Ode to Blackfish

Ode to Blackfish 1 Ronald HalweilA 1907 article from the Automobile and Sporting News section of The New York Times printed the following anonymous poem about the tautog or blackfish:

Wherever kelp and seaweed cling
To ramparts formed of rugged rocks,
The tautog finds a dwelling place,
Down deep in waters at their base.

The article went on to sing the praises of this challenging angler’s adversary. The wily and powerful creature (the larger specimens are dubbed “bulldogs”) lives among rocks and shipwrecks, and, when hooked, generally dives for such shelter. The result (whether or not it’s intended by the fish is unclear) is often that the line is severed on the jagged ocean bottom or that the line snaps from the fish’s stubbornness.

But the fish is also special from a cook’s point of view. Like sea robin and wrasse—central ingredients in bouillabaisse—the blackfish dines primarily on lobster, clams, oysters, mussels and other shellfish, giving blackfish stew a particularly nuanced flavor.

Pioneering North Fork chef John Ross, now executive chef at the Olde Vine Golf Course in Riverhead, sings the fish’s praises in his recent book, The Food and Wine of the North Fork: Historical Anecdotes and Recipes:

“The blackfish is a chef ’s kind of fish that has a distinctive North Fork personality. Sometimes it is confused with the elegant and pricey black sea bass more common in South Fork restaurants, but it bears no relation. The blackfish, or tautog, is a blue-collar fish that has a firm texture, mild taste, and modest price (usually). It is caught by fishermen from Nova Scotia to South Carolina, but has been a staple of North Fork cuisine for years. It is most plentiful in the spring and fall.

“Along with monkfish, blackfish is excellent for stews and chowders. Just cut it into two-inch chunks and brown it in oil like you would with beef stew. It is also delicious when pan seared and finished in the oven. Because of its firm texture it can handle many seasonings and marinades. At Ross’s North Fork Restaurant, it was most popular when coated with aioli sauce and shredded potatoes and roasted in the oven. The rich, garlicky sauce and robust potatoes were perfect complements.”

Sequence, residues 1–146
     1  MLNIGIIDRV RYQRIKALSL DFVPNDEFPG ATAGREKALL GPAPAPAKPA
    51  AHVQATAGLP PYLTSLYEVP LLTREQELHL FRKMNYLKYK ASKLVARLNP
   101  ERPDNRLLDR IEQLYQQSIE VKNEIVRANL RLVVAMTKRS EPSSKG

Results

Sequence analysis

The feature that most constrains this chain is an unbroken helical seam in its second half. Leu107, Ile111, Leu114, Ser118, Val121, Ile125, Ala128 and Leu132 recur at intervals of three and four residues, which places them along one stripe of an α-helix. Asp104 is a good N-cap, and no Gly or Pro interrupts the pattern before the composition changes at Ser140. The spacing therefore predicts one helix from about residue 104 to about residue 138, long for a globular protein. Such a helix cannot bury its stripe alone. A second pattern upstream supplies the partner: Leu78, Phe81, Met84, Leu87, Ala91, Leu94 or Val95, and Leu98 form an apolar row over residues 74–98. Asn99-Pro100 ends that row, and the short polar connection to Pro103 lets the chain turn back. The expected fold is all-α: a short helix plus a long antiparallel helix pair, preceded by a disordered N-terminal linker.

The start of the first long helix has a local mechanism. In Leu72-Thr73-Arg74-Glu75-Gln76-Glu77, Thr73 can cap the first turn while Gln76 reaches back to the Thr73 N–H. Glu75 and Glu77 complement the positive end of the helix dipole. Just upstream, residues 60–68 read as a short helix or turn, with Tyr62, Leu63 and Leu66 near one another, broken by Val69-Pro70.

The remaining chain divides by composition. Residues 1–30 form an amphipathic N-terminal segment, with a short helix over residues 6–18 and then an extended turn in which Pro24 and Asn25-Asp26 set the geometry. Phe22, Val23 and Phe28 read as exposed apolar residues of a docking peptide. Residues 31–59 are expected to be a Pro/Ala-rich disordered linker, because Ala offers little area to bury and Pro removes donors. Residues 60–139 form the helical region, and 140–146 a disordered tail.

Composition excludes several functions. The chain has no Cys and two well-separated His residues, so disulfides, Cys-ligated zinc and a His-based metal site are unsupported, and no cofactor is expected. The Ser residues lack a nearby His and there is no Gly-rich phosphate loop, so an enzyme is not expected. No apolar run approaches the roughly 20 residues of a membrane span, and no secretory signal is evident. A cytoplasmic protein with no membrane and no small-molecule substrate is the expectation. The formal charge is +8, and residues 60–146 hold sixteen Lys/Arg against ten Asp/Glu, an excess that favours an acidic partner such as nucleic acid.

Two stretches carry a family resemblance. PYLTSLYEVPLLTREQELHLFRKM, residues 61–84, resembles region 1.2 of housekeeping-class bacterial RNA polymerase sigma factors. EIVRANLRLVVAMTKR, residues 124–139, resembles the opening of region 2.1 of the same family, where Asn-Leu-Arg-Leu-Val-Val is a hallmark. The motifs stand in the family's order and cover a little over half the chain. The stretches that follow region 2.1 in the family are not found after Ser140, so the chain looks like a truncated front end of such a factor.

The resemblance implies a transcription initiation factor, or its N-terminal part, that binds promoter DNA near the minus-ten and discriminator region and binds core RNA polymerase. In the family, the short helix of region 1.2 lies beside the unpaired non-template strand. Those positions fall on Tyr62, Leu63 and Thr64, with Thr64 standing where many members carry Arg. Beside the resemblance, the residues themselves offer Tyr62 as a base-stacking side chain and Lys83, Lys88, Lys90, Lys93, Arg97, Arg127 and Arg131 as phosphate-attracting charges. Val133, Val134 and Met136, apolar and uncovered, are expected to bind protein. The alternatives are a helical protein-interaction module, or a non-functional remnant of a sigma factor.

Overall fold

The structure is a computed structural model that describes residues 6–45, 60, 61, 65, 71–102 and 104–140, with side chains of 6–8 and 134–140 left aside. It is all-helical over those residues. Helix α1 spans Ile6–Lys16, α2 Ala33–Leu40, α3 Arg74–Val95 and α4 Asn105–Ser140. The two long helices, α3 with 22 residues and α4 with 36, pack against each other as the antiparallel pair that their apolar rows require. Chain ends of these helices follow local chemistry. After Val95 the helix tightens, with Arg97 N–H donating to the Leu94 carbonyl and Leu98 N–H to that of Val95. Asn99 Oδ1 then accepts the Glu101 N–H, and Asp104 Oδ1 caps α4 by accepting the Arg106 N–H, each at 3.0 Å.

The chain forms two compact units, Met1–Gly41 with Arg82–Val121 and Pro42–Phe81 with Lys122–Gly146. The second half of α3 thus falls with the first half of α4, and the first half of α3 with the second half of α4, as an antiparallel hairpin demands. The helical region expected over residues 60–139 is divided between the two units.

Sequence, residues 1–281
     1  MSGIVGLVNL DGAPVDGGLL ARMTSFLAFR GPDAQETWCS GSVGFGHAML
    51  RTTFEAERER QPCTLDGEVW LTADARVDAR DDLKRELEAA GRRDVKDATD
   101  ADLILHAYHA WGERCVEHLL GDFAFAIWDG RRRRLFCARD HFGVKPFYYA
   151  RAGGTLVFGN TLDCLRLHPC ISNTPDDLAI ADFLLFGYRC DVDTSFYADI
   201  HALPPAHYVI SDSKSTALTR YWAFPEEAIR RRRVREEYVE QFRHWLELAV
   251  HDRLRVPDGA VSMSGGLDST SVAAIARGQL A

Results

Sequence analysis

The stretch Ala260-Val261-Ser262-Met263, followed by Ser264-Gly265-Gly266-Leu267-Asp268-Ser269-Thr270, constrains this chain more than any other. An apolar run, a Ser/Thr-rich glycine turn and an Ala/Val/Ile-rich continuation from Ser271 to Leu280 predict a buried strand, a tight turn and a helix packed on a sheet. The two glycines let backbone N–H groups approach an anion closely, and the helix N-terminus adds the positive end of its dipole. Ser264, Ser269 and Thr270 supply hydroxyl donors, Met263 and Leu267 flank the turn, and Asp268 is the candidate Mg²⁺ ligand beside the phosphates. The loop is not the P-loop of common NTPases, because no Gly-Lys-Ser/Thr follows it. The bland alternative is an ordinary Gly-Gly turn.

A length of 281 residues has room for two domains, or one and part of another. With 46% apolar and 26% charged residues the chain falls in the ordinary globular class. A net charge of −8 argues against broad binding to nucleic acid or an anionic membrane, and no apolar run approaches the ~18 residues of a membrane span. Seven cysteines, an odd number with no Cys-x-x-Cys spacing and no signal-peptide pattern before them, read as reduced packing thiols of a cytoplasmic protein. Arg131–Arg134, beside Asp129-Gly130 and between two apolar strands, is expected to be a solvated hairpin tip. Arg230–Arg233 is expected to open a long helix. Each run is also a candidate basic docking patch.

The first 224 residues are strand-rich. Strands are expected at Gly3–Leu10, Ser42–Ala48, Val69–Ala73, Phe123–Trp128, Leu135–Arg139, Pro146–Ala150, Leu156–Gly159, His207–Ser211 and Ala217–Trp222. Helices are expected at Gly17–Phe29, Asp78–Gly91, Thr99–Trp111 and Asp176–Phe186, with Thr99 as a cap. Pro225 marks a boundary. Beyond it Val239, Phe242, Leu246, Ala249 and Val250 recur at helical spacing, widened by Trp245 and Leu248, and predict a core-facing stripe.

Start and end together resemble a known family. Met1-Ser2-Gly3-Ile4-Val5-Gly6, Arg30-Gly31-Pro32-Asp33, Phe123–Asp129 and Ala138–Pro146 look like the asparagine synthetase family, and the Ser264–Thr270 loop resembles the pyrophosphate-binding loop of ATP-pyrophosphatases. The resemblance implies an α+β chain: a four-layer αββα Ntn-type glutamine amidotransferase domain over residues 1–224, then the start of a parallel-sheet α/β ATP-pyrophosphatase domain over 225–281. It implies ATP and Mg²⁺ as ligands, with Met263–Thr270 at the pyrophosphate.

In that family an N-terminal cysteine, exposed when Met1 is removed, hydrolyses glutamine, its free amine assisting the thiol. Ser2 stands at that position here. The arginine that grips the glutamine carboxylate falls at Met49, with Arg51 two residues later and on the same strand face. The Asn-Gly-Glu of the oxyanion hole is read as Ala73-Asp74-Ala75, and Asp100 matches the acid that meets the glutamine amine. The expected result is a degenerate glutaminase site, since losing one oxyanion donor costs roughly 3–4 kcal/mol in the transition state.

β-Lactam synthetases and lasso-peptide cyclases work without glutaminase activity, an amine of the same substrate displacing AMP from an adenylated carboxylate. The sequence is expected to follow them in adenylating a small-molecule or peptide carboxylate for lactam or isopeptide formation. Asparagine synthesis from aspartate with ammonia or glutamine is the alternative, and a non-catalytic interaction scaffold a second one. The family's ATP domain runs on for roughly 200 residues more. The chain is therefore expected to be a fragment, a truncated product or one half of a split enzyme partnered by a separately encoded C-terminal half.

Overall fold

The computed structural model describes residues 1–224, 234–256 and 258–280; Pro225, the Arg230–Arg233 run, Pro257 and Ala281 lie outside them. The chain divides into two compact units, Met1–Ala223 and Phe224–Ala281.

by John Ross, The Food and Wine of the North Fork: Historical Anecdotes and Recipes, 2005

2 T. olive oil
1 c. each of thinly sliced onions, fennel, leeks
2 lb. blackfish
2 c. white wine
A bay leaf
6 parsley stems and chopped parsley for garnish
1 c. each of pearl onions, baby carrots, parsnips
1 c. sautéed mushrooms
1 c. aioli from minced garlic, mayonnaise, lemon juice 2 egg yolks

1. Heat olive oil in sauté pan. Add 1 cup each of thinly sliced onions, fennel, and leeks. Cover and cook at low heat for 5 minutes.

2. Add blackfish cut into 2” chunks. Add white wine, bay leaf and 6 parsley stems. Simmer until fish is just cooked. Set fish aside.

3. Reduce broth and strain if desired. Add 1 cup of pearl onions, baby carrots, and parsnips. Simmer until just tender. Add sautéed mushrooms.

4. Make aioli sauce by combining minced garlic with mayonnaise and lemon juice. Blend 2 egg yolks with 1⁄2 cup aioli sauce and stir into broth.

5. Bring back to a simmer (do not boil) and add cooked fish. Sprinkle with chopped parsley and serve with remaining aioli sauce on side.

by John Ross, The Food and Wine of the North Fork: Historical Anecdotes and Recipes, 2005

2 lb. blackfish
1/4 c. miso
1/4 c. soy sauce
1/2 c. mirin
1 T. sugar
1 c. minced scallion
1 T. grated ginger
1 qt. fresh chicken stock
1/2 c. each of carrots and turnips
4 oz. soba noodles
olive oil

1. Cut blackfish into 2” chunks.

2. Combine miso with soy sauce, mirin, sugar, minced scallion and grated ginger. Pour marinade over fish and let rest for 1 hour.

3. Heat chicken stock and strain marinade into it.

4. Dry fish with paper towel and pan sear with a little olive oil until just cooked. Remove and set aside.

5. Julienne carrots, turnips and scallion. Add to sauté pan with a little oil and cook briefly.

6. Cook soba noodles in boiling water for about 3 minutes and drain.

7. Place noodles in pasta bowl and put fish on top. Garnish with julienned vegetables and pour miso broth over all. Garnish with pickled ginger.